Welcome to Psychic City

the cover of the book Psychic City by Page Turner. Title and author are superimposed in white over a background abstract inkblot image that moves in ombre style from red to black from top to bottom
Image Source by Braided Studios ©2020

I have a big announcement to make. My new book is finally out. It’s called Psychic City, and it’s a slipstream murder mystery that features an FFF triad of polyamorous detectives:

  • Penny, a sparkle goth medium who is hounded by hordes of undead fans
  • Viv, an eideticist with prophetic visions, a photographic memory, and a lot of family drama and emotional baggage she’d rather forget
  • Karen, an empath who spends a lot of time hiding under her hoodie

An Excerpt from Psychic City

Here’s an excerpt from the book:

The Department of Psychic Operations, or PsyOps for short, was located underground in a building whose ground level storefront housed a variety of failing businesses. Around Halloween it became a costume shop that sold cheap trinkets that probably wouldn’t give you cancer and could make you look like a passable witch. Or a sexy nurse. Or a sexy nurse witch.

Another time it had been a bakery that made low-fat donuts that tasted terrible. They did cause you to lose weight though since most people didn’t want to eat for the rest of the day after choking one down. So that was a plus.

Initially PsyOps had posted a guard on the premises. An invalidator, the kind of tuey that implanted thoughts into people’s heads that made them dismiss their beliefs. The idea behind this was that the guard on duty would sit in the shop, and if anyone wondered why random customers were going out back, ones who didn’t work behind the counter, then the invalidator would cancel that out with doubt. Within a minute or two, the customer would dismiss their suspicions as silly. Why would they ever think that? There were plenty of crummy shops, just like this one. Nothing to see here, folks.

But after a while, the department realized it could cut costs by not posting a guard at all. The businesses themselves were sufficiently terrible to keep people away. A few folks inexplicably bought things, but most people found the stores depressing and left.

As a result, the original invalidator guards were laid off. This was a big problem at first. Formerly confident residents were plagued by nagging doubts. Others reported issues with the neighborhood street lamps. They seemed to be dimming at random. But when PsyOps went to check, other witnesses swore that the lighting had been just fine. Nothing had ever happened.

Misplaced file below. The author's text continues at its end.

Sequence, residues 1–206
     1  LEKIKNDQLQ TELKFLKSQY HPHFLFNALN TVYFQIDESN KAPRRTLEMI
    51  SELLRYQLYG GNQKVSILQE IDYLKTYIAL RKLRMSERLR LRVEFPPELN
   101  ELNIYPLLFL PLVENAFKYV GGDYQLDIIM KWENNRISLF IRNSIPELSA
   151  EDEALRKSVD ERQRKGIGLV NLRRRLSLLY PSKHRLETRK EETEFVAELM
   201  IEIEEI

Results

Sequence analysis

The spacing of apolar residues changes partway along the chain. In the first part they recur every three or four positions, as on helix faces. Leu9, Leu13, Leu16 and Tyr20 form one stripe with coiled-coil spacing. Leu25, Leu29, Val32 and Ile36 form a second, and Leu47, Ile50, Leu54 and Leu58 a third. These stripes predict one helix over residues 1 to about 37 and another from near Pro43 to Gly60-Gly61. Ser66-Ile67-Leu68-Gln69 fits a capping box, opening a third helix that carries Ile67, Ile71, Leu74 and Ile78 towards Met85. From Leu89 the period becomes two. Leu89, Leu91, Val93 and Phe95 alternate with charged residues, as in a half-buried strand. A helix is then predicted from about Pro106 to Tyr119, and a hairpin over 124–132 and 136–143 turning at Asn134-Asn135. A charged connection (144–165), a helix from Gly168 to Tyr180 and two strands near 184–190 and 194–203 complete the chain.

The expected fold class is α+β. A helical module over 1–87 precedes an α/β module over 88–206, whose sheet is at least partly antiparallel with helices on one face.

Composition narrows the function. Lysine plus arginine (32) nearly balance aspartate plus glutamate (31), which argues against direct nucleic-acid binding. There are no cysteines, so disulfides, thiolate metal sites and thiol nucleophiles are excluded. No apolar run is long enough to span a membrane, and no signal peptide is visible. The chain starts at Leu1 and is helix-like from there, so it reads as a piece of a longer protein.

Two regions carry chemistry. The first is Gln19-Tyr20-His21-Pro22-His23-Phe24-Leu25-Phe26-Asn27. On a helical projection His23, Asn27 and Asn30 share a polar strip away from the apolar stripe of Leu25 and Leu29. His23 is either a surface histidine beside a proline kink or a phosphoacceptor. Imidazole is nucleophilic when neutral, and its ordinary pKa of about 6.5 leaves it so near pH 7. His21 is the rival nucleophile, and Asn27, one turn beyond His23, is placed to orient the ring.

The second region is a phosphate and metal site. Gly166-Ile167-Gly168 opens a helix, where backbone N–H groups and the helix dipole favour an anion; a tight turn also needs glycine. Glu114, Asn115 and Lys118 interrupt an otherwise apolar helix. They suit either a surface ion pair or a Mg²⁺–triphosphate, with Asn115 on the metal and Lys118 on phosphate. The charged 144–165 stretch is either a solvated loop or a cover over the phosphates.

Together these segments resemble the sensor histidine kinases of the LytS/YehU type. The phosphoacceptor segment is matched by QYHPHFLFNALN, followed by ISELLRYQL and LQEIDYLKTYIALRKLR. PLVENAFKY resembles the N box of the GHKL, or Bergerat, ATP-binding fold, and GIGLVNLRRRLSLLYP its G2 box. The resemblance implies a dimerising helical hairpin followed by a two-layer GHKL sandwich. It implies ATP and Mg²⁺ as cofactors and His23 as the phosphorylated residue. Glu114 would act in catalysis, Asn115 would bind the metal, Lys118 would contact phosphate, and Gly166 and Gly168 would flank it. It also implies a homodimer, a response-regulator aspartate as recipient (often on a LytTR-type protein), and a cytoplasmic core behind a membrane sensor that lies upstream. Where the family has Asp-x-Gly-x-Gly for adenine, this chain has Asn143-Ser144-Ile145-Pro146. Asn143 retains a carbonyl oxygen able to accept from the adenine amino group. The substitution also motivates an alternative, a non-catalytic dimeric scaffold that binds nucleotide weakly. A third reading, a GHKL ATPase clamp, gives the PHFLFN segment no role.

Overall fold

The matter was never resolved and was moved indefinitely to the gaslighting division.

Several hundred psychic intuitives worked in this one branch of PsyOps, in the heart of Skinner, the Psychic City. The agents passed through the tacky shop. Pretended to the use the bathroom. Sneaked into the service elevator.

And down they went.

It wasn’t glamorous. But in a weird way, it was home.

-Page Turner, Psychic City

I’m Proud of the Book — But I’m Even Prouder That I Even Wrote It At All

This book is easily the best thing I’ve ever written. I’m quite proud of how it turned out. But I’m even more proud of the fact that I wrote it at all — because I couldn’t have done it without challenging some deep-seated phobias and healing in ways I never thought I would.

Three years ago, I wrote an essay called “Why I Don’t Like to Write Fiction: Comforting My Own Ghost.” It was a writing that resonated with a lot of readers at the time it came out and is a good read if you or someone you love has struggled with C-PTSD, PTSD, or both.

But here’s the gist: Once upon a time, before I went through a series of life and personality-changing traumas, I primarily wrote fiction.

After I began to heal, it took me a long while to write anything at all — and when I did, I switched genres and began to write non-fiction. No more fiction. It wasn’t exactly a conscious decision or something I chose, but instead there was a psychological block that formed inside of me, and I instinctively swerved away from a lot that had been associated with my life before the trauma. Fiction was one of those associations. I had been very sick the last time I’d written fiction, and I was coping with that sickness in ways that weren’t exactly healthy. Or to put it another way — I’d written an awful lot of fiction, but I’d never written fiction as a sober adult.

However, a few years ago my partner and some of my friends began to suggest, repeatedly, that I should write a novel. Because it would be good, they said.

At first I was very resistant to the idea. When I initially went to write fiction, it was practically impossible. This wasn’t willful resistance — it was more like there was an invisible barrier I would push against that would knock me down.

It wasn’t easy, pushing past that. My body would revolt sometimes. Sitting and trying to write fiction gave me flashbacks, especially at first. I’d start out writing and end up dissociative.

But I kept trying. And with persistence my body stopped freaking out.

Once that happened, I discovered something curious: The book I wrote became a vehicle to say a lot of things I’d always wanted to say but couldn’t — about non-monogamous/queer representation of course but also about life in general, family estrangement, insecurity, and what it’s like to be an outsider.

I half-killed myself to write it. But I made it. And I’m better for it.

And I’m thrilled to say that it’s finally out.

I really hope you enjoy the book.

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You can purchase the book from the links below. Want to help out? Leave a review after you’ve read the book. Thank you all!

 

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